His actions in the coming decades in the House of Delegates and the state Senate would shape the forces of history by pushing back against the Byrd machine to increase state funding for public education and slowly dismantle Jim Crow institutionalized racism.
A native of Alexandria, his father was president of the First National Bank in Alexandria and leader of the Democratic Party. Boothe graduated from Episcopal High School and the University of Virginia before becoming a Rhodes Scholar studying law at Oxford University. From 1939 to 1942, he served as city attorney of Alexandria although he resigned that position to become a naval air combat intelligence officer in the Pacific Theater during the war. Like many other young war vets of the era, Boothe ran for office in the election of 1947.
"The Young Turks — it's not known who put that tag on them — represented something so far as recent legislative sessions are concerned," explained Richmond Times-Dispatch political reporter James Latimer. "They generally were within the organization, yet didn't hesitate to challenge its dictums."
Boothe was leader of the pack, which included Stuart Carter of Botetourt County, George Cochran of Staunton, Griffith Dodson of Roanoke, Walter Page of Norfolk and Julian Rutherfoord of Roanoke. As a group, they were able to force a vote on a resolution to allow a referendum on Virginia's controversial poll tax.
It was a relic of the Jim Crow era that didn't seem to make sense anymore, although the Byrd Machine relied on the poll tax as a way to perpetuate its power. The Senate Privileges and Elections Committee killed it with a five-to-four vote, but it was clear the group was wielding a new sense of power inside of a rickety old machine.
"I shook the tree, but somebody else picked up the apples," said Delegate Robert Whitehead, leader of the liberal faction of House Democrats.
Perhaps the greatest claim to fame of the Young Turks was a budget standoff that literally stopped the clock, pausing the hands of time in the House chamber at 11:22 pm to prolong the session past the witching hour. At issue was a $1 million appropriation to give teachers a pay raise of $50 a year. For a state that was famously stingy with funding public education, it was a move that signaled new priorities for a new era. In a late-night confrontation, one of the senators threatened Delegate Dodson of Roanoke.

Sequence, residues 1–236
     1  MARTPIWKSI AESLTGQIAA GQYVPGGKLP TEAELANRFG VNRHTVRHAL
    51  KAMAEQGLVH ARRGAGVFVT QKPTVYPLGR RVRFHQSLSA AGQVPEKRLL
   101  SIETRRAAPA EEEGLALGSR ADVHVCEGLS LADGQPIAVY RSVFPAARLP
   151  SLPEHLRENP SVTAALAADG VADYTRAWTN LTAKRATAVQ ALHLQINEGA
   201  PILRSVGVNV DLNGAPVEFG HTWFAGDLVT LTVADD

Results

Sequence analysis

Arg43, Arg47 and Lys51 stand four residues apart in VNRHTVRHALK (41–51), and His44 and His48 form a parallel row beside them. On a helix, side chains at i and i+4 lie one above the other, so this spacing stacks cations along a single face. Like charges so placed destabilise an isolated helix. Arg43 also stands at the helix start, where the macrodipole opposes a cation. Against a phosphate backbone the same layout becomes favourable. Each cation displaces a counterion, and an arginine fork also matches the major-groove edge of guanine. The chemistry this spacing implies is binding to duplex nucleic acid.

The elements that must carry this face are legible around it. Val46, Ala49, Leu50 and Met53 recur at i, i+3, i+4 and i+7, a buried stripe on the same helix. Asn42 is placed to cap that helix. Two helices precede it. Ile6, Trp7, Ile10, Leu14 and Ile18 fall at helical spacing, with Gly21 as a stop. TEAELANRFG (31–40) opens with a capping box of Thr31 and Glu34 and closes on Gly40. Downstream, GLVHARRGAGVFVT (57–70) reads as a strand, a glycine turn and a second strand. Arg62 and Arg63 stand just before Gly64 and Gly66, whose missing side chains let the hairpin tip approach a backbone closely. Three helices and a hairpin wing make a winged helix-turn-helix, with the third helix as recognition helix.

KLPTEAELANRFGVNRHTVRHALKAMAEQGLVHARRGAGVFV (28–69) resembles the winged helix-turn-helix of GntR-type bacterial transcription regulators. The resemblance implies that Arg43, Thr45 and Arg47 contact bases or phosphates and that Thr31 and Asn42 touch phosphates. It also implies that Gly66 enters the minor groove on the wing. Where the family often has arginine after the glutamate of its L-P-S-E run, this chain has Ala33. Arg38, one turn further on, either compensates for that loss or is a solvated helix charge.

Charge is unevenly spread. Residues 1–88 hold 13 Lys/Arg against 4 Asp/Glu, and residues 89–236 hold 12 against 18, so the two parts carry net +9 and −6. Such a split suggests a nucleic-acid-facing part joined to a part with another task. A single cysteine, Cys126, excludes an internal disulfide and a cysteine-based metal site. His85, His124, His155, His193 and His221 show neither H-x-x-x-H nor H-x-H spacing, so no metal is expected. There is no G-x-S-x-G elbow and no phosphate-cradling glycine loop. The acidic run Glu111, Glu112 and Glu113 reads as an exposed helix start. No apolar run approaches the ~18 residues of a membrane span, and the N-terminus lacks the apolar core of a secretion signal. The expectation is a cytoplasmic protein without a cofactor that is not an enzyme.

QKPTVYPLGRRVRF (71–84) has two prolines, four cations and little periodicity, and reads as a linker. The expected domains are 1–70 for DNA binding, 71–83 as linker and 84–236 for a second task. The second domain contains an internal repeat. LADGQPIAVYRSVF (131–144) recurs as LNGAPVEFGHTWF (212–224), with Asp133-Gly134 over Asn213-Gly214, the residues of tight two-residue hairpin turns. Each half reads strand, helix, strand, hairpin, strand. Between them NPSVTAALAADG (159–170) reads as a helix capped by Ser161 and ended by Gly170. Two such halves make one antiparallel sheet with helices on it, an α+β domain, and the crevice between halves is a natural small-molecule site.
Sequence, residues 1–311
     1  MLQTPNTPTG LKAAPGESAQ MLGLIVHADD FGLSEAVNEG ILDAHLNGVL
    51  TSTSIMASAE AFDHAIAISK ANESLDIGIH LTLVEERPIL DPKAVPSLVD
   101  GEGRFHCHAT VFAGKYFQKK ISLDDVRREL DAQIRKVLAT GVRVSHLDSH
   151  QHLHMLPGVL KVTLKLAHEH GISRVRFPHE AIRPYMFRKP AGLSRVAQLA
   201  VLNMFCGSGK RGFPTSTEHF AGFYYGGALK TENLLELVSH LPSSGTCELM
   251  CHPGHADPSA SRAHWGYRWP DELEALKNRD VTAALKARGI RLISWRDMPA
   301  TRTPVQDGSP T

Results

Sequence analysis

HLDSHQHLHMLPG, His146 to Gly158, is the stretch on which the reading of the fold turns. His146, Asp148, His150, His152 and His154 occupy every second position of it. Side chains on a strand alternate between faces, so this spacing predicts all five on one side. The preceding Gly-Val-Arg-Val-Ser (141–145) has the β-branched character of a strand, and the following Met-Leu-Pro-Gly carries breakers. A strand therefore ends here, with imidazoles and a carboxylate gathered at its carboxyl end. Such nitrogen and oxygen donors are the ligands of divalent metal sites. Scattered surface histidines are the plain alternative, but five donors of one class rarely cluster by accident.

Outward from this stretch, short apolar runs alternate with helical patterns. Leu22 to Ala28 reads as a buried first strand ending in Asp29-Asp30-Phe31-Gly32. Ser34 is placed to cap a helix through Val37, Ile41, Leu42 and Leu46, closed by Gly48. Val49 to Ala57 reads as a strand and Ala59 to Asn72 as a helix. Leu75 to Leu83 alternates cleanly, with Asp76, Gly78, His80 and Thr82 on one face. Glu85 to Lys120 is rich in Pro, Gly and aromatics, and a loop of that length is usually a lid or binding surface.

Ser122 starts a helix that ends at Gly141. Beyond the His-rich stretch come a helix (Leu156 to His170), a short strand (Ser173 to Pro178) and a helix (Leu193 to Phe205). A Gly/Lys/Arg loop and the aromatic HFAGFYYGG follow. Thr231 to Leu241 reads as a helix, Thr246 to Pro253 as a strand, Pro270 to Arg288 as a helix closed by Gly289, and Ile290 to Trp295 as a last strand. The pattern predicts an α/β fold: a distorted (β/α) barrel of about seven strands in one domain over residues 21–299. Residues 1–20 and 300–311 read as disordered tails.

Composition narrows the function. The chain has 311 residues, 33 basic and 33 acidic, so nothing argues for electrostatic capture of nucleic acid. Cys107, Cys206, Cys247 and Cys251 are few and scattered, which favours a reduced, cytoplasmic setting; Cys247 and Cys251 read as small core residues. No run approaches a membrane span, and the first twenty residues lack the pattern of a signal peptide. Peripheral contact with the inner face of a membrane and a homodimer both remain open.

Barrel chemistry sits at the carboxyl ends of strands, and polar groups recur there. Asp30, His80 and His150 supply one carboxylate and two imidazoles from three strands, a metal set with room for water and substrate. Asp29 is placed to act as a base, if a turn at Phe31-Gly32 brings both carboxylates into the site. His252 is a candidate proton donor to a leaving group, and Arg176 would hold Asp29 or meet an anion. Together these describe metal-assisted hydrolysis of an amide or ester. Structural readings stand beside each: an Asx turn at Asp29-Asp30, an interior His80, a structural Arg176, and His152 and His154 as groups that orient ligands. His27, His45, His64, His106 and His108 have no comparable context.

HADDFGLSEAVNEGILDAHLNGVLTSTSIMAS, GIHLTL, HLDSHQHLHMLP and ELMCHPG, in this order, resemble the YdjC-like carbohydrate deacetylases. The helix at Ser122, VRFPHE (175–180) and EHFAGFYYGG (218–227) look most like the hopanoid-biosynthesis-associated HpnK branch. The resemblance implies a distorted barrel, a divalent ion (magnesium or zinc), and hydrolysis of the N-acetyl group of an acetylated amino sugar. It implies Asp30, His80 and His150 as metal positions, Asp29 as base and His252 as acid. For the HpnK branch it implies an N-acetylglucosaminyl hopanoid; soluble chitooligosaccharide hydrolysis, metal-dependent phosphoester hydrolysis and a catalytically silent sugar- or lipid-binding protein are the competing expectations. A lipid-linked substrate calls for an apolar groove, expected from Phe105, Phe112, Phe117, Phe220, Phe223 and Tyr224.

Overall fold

"One well-known senator went so far as to warn him that his father would lose his job as clerk of the House unless Dodson switched his vote," explained historian Peter Henriques. “Such pressure simply made Dodson firmer in his opposition to the governor's budget."
Governor John Battle called all of the Young Turks into his third-floor office at the Capitol one by one, twisting arms and laying on the pressure late into the evening. Shortly after 3 a.m., the Young Turks lost and the raises for teachers were rejected. Undoubtedly, the delegates were tired and exhausted. But they could declare a kind of victory by bringing attention to the racist poll tax and the retrograde education spending. Their efforts certainly caught the attention of editorial boards and reporters.
"The group, full of something akin to college spirit and often better organized than the leadership, has refused to go stand in the corner," wrote political reporter Charles McDowell in the Richmond Times-Dispatch. "Anybody who hasn't heard them coming has only been listening out of one corner of his ear."
They would meet every night at the Hotel Richmond, directly across the street from Capitol Square. Eventually, they were able to elect more Young Turks to the House and increase appropriations for education. By the mid-1960s, the courts outlawed the poll tax. Walter Page left the House to take a job as a judge in Norfolk. Armistead Boothe and Stuart Carter eventually moved over to the Senate. These days, their greatest legacy is pushing for reform to the Byrd Machine while being active participants of the Byrd Machine.
"I think this is a very healthy thing for the state and for the organization itself," explained Boothe in 1954. "The tree of good government can flourish better if its roots are sunk more deeply in the ground and spread over a wider area, rather than being nurtured from a limited source."
This story is an excerpt from "The Byrd Machine of Virginia: The Rise and Fall of a Conservative Political Organization." You can get a signed copy at the book launch, when author Michael Lee Pope will talk about the book and sign copies. The book launch is 7 pm on Oct. 20 at the Athenaeum, 201 Prince Street.